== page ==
Today’s cybercriminals are craftier and more efficient than ever, and data breach costs continue to soar, averaging $4.45 million for 2023, according to IBM. To stay ahead of the criminals, companies must take a multi-pronged, multi-layered approach to cybersecurity. Here are five ways to minimize your risk.
Strong Passwords and Multi-factor Authentication (MFA)
Implementing and enforcing a strong password policy with multi-factor authentication (MFA) is integral to your company’s cybersecurity. This may sound obvious, but many companies do not fully take advantage of these highly effective first lines of defense. Passwords are the main keys to your network, and weak passwords open the door to brute force and other kinds of cyber attacks. In your company’s cybersecurity policy, require all users to have lengthy passwords – the more unique characters in a password, the harder it is to crack. Passwords should utilize both uppercase and lowercase letters, at least one number, and at least one special character. Prohibit the use of old passwords or the use of common phrases, words found in the dictionary, and consecutive strings of numbers or letters. Educate users that it is unsafe to use their own names or other information that can be easily linked to them, such as birthdays, phone numbers, or partner names, or to use the same or similar passwords for different accounts. Contrary to popular belief, passwords should not have an expiration date, and should only be changed when your password policy changes, or if credential theft is suspected.
If your company currently does not incorporate MFA, make its addition a top priority. While strong passwords are the first line of defense, MFA is a necessity and adds an extra layer of protection. MFA thwarts credential theft by requiring users to complete a second step in the log-in process, usually through an authenticator application, before they are able to sign into your system. Users may also receive a code via text or email.
Up-to-Date Software and Systems
Your multi-faceted security approach must also include state-of-the-art anti-malware software and firewalls, with timely patch updates that are implemented as soon as they become available from manufacturers. But while keeping your security tools up to date is vital, it’s not the only thing that needs regular updating. In general, antiquated hardware and old versions of software lack the modern features of their latest counterparts and, as such, have vulnerabilities that threat actors can exploit. Older technology is no longer supported by manufacturers, which leaves gaps in protection. Your firm must have a protocol in place to ensure all software and hardware are kept up to date. However, if your firm relies on cloud applications, the cloud provider will automatically perform updates and patch management.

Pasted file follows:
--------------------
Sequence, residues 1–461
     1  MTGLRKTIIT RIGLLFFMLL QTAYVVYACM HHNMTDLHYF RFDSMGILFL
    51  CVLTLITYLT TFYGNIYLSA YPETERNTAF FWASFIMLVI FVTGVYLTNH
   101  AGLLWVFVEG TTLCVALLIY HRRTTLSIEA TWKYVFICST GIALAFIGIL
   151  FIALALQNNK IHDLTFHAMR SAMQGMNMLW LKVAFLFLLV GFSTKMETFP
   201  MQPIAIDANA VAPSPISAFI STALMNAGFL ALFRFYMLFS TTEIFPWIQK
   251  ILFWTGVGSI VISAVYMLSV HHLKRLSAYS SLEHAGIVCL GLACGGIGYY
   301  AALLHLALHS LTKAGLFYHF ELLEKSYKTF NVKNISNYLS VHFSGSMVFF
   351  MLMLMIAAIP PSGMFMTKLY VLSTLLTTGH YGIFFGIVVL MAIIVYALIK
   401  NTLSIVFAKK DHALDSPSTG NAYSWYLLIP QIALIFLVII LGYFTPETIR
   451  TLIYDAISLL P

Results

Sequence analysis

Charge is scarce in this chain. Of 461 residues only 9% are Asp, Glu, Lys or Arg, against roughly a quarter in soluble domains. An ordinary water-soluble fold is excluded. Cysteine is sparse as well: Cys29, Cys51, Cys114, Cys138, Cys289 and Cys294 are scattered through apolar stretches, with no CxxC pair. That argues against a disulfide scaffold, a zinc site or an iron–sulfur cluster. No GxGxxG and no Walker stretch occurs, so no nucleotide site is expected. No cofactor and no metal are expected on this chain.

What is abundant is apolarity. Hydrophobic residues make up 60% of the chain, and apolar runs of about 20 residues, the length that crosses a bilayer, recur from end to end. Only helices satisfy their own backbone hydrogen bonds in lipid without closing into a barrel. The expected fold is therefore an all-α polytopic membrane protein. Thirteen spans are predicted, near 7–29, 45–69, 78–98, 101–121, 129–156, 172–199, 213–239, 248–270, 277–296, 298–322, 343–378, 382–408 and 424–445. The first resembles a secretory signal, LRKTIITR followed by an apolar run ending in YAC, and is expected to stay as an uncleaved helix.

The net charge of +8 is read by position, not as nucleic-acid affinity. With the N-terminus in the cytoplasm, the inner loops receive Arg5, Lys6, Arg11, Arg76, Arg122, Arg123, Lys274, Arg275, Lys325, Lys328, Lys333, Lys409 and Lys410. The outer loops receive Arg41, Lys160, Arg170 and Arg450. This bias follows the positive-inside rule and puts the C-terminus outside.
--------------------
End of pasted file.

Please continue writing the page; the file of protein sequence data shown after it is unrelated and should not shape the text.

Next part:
Education and Training
Many companies underestimate the importance of the human element in cybersecurity, but in reality, your employees are your first line of defense. Regular and comprehensive training for all users on how to recognize and respond to common and emerging scams and threats is integral to keeping your system safe. All team members must be educated to avoid unsafe practices, such as clicking links from unknown sources or using unsecured websites, that may unwittingly leave the door open to bad actors. Your policy should include a protocol outlining which actions users should take in response to certain threats, such as alerting the IT team or changing their password when warranted.
Monitoring your system on a 24x7x365 basis can help you detect suspicious activity and even thwart attacks that are in progress. The entire system must be monitored, with special attention paid to the endpoints – where users log into the system. But around-the-clock monitoring alone is not enough; you or your IT service provider needs to be prepared to rapidly deploy resources to expertly address suspected or confirmed threats in real time. In addition to monitoring your system for current threats, a good cybersecurity program should include periodic audits to proactively pinpoint weak points in your system that require fortification.
Consider Moving to the Cloud
To further enhance your cybersecurity, consider transitioning from an on-premise IT system to fully adopting cloud-based technology. When companies are completely in the cloud, all of their data, files, and applications live in their cloud service provider’s secure private cloud. As a cloud provider’s entire business model depends on its ability to maintain security, a reputable provider will have multi-faceted security features in place to ensure the impenetrability of its systems and the protection of your data no matter where your users are working.
Accessibility has been especially important over the last three years, as the widespread transition to hybrid and remote workplaces has caused many companies to migrate to the cloud for the flexibility and elastic security that it offers. As all logins take place within the provider’s secure private cloud, cloud-based solutions offer security that stretches beyond your office walls to wherever users are working. The cloud further secures your data by providing automatic backup and business continuity benefits, in the event you are unable to access your office due to an emergency or natural disaster. A reputable private cloud provider will operate from multiple data centers, which have built-in redundancies to safeguard against the possibility of a natural disaster or emergency at one of the provider’s own facilities. When interviewing cloud providers, be sure to verify their data centers are enterprise N+1 level facilities with multiple layers of security, including biometric access controls and premium encryption, to ensure top-level security